Growing up in a world of wealth and pastel-tinted entitlement, fifteen-year-old Carly has always relied on the constancy—and authenticity—of her sister, Anna. But when fourteen-year-old Anna turns plastic-perfect-pretty over the course of a single summer, everything starts to change. And there are boys involved, complicating things as boys always do. With warmth, insight, and an unparalleled gift for finding humor even in stormy situations, beloved author Lauren Myracle dives into the tumultuous waters of sisterhood and shows that even very different sisters can learn to help each other stay afloat.
Peace, Love, and Baby Ducks
It is, simply put, a love letter to sisters. Carly returns from a summer hippie work project full of ideals and granola vibes. These are difficult to maintain in her uppercrust Atlanta neighborhood, at her pretentious school, and in light of the fact that her sister Anna has become a babe. There are very few times in my life that I have wished for a sister (brothers rock!), but reading this book was one of them. Myracle deftly shows how sisters can bond and fight and be jealous and adore each other, usually in a ten minute span.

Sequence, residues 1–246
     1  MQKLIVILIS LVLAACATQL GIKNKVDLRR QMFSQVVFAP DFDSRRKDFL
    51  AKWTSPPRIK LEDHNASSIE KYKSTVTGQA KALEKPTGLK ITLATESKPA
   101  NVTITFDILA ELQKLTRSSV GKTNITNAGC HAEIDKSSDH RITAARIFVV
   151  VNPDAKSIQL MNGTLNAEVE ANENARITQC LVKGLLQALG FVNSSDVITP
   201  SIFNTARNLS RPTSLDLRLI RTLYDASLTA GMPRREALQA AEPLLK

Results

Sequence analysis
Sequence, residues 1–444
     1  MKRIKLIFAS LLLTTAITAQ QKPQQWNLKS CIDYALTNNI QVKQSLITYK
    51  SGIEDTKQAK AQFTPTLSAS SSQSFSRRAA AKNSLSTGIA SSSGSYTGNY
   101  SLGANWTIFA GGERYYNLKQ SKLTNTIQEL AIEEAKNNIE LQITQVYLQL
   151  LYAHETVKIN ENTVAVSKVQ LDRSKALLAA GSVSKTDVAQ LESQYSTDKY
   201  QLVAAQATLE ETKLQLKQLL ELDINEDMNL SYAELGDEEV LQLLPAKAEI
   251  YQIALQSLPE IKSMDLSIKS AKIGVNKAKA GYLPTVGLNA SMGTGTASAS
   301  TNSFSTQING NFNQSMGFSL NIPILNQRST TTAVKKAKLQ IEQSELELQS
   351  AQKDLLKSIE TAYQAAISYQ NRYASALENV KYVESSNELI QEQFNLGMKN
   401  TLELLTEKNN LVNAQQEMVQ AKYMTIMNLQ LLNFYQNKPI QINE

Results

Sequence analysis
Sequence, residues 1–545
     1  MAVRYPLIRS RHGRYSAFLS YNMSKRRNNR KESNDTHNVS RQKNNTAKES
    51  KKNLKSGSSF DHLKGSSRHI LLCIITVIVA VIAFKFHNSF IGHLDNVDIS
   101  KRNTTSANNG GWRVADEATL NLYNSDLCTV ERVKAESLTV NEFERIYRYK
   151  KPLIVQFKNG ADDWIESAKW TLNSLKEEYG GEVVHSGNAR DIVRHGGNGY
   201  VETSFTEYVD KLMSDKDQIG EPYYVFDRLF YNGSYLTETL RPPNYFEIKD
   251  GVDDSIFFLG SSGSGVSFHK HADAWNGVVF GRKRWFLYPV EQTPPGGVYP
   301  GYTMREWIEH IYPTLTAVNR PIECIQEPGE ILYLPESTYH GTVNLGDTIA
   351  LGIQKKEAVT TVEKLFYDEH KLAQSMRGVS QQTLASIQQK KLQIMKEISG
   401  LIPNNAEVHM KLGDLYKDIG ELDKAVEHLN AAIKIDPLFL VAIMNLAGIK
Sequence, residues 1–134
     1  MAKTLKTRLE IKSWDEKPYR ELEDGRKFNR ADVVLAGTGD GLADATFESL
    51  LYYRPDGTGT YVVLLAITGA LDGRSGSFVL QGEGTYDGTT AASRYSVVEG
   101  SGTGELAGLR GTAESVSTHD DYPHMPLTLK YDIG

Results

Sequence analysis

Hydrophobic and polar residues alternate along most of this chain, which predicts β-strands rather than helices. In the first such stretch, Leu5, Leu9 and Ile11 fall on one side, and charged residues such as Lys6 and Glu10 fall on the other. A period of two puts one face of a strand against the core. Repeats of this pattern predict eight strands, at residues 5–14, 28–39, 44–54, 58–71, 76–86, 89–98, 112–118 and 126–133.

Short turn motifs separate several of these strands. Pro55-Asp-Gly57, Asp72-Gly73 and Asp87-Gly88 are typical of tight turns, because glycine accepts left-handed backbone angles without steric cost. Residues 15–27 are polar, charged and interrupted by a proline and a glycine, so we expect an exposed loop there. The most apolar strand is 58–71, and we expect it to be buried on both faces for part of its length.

Aside from the central plot of sisterhood, Peace, Love & Baby Ducks also tackles larger issues. Carly is unsure about how she fits into her wealthy southern world after a taste of something different. She asks herself important questions about religion and the hypocrisy that she sees at her school, Holy Redeemer. Carly also learns more about racism and realizes that she encounters it more often than she ever realized. Of course, there is a love story as well (that's the big heart on the front cover!) when Carly falls for someone she shouldn't, hurting the guy who she should be with all along.
I continue to be impressed by Lauren Myracle's ability to strike exactly the right note. Don't miss this book!
The relationship between the sisters was realistic.